The Tibetan people have a reputation of being devout pacifists, a nation of gentle and benign race who are victims of an aggressor. In fact, the Dalai Lama was awarded the Nobel Peace Prize in 1989 in recognition of his nonviolent campaign to end China’s domination of Tibet. But non-violence has not always been the Tibetan people’s preferred strategy and only a few know of Tibet’s secret war which the Dalai Lama’s brother, together with the Central Intelligence Agency (CIA), waged against China.
This is a story that portrays a very different Tibet and a very different breed of Tibetan leadership. This story speaks of how the Tibetan leadership is completely capable of espionage, chicanery and most surprising of all, violence. ‘India And The Secret War of Tibet’ reveals how the Tibetan people were recruited to fight America’s proxy war and how they were recruited, trained, funded, used and ultimately betrayed.
India and the Secret War in Tibet
DNA India [Sunday, April 2, 2017. 08:00am]
By Ananth Karthikeyan
India actively collaborated in a US effort to destabilise China-occupied Tibet until the changed geopolitics blunted the project
The late 1940s saw the rise of the Communist rule in China, a frightening development for the US bloc. John Prados’ “Presidents’ Secret Wars” and John Kenneth Knaus’ “Orphans of the Cold War” and former IB chief BN Mullick’s book “My years with Nehru” details the US operations to destabilise the Chinese occupation of Tibet, which was violently annexed in 1950. Thousands of bitter Tibetans were recruited by the CIA in Sikkim, Nepal and India. A major figure in the Tibetan resistance was the current Dalai Lama’s brother, Gyalo Thondup. Training was imparted in various global locations, and the recruits were infiltrated into Tibet throughout the 1956-1962 period. These were mostly intelligence gathering missions but the Tibetans also routinely skirmished with Chinese forces. Operations were mainly directed from a US site in East Pakistan. Indian authorities were aware of these clandestine activities and the Americans made considerable efforts to prevent Indian interference. This was the “Hindi-Chini bhai-bhai” period, and India was courting the Chinese.
Everything changed when the war broke out in 1962. Faced with military collapse, India planned to use Tibetans to attack the strained Chinese supply lines. They were aware of existing US-trained Tibetan forces in US bases in Asia. Gyalo Thondup was contacted for assistance: India’s newfound interest was welcomed by the Tibetans and thus India entered the secret war. Army Chief Kaul and Mullick chose the enterprising Brigadier Uban to lead this mission. Most of the trained Tibetans were relocated to Chakrata and “Establishment-22”, which would later metamorphosise into the Special Frontier Force (SFF), was thus formed. Before the Indo-US-Tibetan project could participate in the war, the Chinese unilaterally declared a cease-fire. India was now wiser to the long-term Chinese threat: the shooting war was over but there was work to be done. Biju Patnaik, no stranger to intrigue and adventure, also played a part in this covert program. Armed with Nehru’s support, Patnaik initiated the formation of an operations base in the Charbatia airstrip in Odisha. With the assistance of American veterans and under the cover of Patnaik’s Kalinga Airlines, this base named “Oak Tree-1” turned into a major node of the program. Patnaik apparently helped route funds discreetly, arranged the services of his own air-crew, and provided office space and equipment from his own businesses. The Special Service Bureau (SSB), which would evolve into the Sashastra Seema Bal, was also founded by Mullick and Patnaik to support these operations. A fictitious Gurkha regiment was created to hide the presence of the Tibetans in various Indian military facilities. Great care was taken to hide American personnel from the public eye.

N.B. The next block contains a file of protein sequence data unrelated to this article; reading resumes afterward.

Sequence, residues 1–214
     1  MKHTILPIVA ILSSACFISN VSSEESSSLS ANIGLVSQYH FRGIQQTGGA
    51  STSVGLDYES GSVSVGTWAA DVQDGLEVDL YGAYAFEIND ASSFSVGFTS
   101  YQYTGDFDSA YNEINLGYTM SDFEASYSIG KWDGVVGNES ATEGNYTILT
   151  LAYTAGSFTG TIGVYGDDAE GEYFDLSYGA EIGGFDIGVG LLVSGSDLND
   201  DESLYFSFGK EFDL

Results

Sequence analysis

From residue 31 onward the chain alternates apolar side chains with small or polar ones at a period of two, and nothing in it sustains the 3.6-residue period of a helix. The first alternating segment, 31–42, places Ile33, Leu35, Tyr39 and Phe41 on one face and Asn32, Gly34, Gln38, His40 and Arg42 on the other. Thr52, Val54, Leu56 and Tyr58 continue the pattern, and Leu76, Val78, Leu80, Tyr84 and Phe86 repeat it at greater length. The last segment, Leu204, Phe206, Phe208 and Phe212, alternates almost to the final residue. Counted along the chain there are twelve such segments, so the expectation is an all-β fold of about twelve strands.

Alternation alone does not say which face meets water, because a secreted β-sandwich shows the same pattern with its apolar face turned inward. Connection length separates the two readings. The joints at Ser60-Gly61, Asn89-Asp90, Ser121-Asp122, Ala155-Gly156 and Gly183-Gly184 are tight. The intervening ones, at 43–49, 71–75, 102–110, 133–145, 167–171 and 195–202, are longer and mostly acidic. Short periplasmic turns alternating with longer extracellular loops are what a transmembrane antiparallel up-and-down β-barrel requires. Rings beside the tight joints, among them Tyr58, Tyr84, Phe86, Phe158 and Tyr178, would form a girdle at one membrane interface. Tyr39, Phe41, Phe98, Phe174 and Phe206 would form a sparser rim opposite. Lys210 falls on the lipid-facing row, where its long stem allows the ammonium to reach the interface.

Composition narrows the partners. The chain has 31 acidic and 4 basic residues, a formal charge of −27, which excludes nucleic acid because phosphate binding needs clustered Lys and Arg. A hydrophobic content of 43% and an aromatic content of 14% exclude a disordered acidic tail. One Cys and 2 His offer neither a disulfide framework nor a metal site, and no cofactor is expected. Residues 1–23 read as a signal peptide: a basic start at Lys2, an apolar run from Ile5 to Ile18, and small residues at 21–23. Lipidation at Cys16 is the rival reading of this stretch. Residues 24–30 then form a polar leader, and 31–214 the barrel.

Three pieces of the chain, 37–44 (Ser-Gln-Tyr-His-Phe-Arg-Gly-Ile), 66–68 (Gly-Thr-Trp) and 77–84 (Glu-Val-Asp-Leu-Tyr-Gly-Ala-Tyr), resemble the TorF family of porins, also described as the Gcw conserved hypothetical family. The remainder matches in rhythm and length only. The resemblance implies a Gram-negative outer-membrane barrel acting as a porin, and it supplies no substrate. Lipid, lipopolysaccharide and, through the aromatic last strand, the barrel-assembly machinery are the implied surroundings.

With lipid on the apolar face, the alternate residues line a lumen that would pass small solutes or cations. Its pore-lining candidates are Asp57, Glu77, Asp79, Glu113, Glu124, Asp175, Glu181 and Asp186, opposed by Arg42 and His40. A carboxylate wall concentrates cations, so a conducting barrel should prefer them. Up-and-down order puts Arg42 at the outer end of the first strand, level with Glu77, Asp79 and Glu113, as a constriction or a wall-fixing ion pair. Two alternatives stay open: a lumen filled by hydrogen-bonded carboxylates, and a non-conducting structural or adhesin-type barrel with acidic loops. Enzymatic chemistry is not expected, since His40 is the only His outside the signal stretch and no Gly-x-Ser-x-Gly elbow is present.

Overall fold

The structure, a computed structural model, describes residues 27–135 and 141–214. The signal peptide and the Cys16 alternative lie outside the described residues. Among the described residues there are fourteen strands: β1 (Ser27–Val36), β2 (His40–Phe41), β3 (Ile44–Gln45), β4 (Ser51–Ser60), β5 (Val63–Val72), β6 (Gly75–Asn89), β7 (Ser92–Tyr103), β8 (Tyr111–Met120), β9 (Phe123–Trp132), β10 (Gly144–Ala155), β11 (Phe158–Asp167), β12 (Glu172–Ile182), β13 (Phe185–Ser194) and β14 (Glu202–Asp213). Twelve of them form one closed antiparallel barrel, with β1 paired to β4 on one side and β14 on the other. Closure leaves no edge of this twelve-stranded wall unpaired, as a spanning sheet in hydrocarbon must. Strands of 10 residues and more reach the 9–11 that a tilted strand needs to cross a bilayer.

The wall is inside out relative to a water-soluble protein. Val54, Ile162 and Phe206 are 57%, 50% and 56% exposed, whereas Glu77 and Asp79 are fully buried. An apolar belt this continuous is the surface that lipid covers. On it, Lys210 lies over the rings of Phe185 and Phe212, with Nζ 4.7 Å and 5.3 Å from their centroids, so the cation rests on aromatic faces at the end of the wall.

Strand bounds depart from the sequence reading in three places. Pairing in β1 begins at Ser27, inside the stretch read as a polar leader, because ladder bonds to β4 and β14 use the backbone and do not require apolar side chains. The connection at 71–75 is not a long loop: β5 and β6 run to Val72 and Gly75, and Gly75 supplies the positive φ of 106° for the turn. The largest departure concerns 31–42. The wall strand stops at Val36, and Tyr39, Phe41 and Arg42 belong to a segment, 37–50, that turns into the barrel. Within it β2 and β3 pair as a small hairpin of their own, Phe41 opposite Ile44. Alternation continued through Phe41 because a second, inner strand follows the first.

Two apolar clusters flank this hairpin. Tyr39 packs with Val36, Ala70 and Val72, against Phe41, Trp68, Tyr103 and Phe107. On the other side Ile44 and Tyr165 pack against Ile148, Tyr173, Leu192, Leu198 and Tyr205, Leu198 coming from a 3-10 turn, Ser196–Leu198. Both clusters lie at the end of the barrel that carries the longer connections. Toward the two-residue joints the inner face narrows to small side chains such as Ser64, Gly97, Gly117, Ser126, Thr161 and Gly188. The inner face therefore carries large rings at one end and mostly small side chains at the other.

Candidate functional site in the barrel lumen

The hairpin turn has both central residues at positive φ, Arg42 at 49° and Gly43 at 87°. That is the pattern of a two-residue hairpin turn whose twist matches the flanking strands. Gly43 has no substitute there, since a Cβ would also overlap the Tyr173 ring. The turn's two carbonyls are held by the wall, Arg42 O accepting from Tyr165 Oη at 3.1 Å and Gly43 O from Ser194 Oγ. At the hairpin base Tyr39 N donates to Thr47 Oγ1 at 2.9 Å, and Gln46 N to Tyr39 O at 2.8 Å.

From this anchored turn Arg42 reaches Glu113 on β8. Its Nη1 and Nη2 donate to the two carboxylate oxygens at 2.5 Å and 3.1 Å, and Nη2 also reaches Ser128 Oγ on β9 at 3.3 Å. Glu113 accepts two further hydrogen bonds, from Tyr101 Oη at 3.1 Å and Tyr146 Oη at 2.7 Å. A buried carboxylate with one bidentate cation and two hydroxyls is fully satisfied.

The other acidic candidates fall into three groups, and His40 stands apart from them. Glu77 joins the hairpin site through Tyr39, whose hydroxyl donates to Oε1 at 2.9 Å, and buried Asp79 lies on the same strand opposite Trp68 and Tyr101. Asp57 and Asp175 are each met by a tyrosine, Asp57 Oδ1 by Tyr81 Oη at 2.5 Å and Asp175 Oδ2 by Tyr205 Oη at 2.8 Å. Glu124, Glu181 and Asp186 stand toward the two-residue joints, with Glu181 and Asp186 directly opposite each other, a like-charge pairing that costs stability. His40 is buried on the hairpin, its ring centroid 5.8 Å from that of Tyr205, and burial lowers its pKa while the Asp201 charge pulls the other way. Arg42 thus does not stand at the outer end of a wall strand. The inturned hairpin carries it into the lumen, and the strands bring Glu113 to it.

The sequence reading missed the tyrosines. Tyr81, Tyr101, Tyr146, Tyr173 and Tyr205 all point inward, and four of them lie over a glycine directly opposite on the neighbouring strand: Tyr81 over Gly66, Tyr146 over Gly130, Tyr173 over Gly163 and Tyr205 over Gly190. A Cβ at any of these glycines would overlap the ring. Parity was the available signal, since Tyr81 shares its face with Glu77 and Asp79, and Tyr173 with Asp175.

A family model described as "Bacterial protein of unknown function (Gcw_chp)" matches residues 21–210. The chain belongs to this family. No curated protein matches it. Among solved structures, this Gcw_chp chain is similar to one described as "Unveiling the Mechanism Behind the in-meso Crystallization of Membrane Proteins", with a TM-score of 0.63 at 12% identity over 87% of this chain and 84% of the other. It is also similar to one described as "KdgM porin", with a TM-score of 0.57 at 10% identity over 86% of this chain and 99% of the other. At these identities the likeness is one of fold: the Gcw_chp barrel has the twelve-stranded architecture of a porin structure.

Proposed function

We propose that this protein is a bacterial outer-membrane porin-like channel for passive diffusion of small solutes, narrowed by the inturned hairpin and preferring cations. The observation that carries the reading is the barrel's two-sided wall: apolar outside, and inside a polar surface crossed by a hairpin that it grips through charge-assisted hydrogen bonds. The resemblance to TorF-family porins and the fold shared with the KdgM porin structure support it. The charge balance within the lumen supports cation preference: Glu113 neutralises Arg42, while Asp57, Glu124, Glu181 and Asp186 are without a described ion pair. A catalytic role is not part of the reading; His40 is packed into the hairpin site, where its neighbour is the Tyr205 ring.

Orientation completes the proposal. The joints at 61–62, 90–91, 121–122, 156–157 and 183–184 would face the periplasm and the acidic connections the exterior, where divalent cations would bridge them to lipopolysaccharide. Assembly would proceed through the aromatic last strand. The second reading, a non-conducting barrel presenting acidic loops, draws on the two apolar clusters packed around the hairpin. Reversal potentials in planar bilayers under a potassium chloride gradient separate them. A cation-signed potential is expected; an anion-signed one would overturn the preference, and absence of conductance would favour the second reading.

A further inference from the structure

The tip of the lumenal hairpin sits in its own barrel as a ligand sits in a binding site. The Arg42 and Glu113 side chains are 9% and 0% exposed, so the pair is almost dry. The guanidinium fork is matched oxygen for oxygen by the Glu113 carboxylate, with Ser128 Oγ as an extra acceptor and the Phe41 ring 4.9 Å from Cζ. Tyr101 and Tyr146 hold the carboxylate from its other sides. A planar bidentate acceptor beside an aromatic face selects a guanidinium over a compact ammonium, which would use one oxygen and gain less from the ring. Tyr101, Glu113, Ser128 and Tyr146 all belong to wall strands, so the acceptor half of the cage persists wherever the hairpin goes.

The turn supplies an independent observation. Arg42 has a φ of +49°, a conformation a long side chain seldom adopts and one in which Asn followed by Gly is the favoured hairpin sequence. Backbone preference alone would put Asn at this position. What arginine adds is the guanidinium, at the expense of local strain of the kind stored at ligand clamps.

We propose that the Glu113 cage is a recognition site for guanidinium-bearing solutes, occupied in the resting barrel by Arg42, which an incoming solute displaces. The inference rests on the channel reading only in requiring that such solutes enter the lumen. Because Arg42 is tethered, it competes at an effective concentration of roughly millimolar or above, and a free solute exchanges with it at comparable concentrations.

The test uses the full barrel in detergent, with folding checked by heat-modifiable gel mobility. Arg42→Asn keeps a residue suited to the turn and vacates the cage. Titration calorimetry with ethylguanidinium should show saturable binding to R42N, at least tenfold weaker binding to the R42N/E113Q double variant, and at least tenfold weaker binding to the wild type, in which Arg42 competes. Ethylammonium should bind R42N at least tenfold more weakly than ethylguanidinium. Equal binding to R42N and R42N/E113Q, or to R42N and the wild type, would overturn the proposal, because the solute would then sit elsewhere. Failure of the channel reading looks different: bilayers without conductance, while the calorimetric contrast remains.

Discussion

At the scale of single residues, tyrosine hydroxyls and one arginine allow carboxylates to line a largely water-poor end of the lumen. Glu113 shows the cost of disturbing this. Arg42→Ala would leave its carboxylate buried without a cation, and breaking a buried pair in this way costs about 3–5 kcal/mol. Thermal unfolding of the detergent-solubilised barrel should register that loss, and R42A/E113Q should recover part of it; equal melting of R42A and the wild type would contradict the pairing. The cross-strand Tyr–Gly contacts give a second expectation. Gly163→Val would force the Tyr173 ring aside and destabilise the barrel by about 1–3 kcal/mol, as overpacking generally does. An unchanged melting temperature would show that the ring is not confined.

The joint operations did not last long despite major successes, including uncovering the Chinese nuclear weapons programme. US-Pakistan ties deepened in the 60s due to the Cold War; on the other hand, the Russians actively courted India after the 1962 war. India’s outspoken non-aligned stance also enraged the US Government and by 1965-66 American involvement in the Indian leg of operations wound up. Officials and political personalities who once actively worked with the Americans had by now faded away or were resigned to the breakdown in ties. China’s growing clout, the Pakistan effect and Nixon’s visit to China ultimately ended US assistance to the Tibetans in the early 70s. The improvement in Sino-Indian ties in the late 60s also led to significant roll-back of covert operations in Tibet. The sizeable Tibetan force was disbanded, with a few being absorbed into the SFF and SSB. However, episodes like the 1967 clashes, the 1987 episode and the Indo-Pak conflicts saw Tibetans in major combat roles. The remaining Tibetan forces in Nepal were less fortunate after the King turned on the Tibetans in late 1974 to gain Chinese support. Senior leaders were killed or incarcerated and only a personal appeal from the Dalai Lama to the Tibetan forces avoided heavy causalities. India could not intervene but absorbed a handful of escaped fighters and refugees.
Tibetans serve in the Indian Armed forces to this day, undoubtedly dreaming of their homeland’s liberation. Other Tibetans like the Dalai Lama continue the struggle through peaceful means.
Originally posted on DNA India (http://www.dnaindia.com/analysis/column-india-and-the-secret-war-in-tibet-2378232)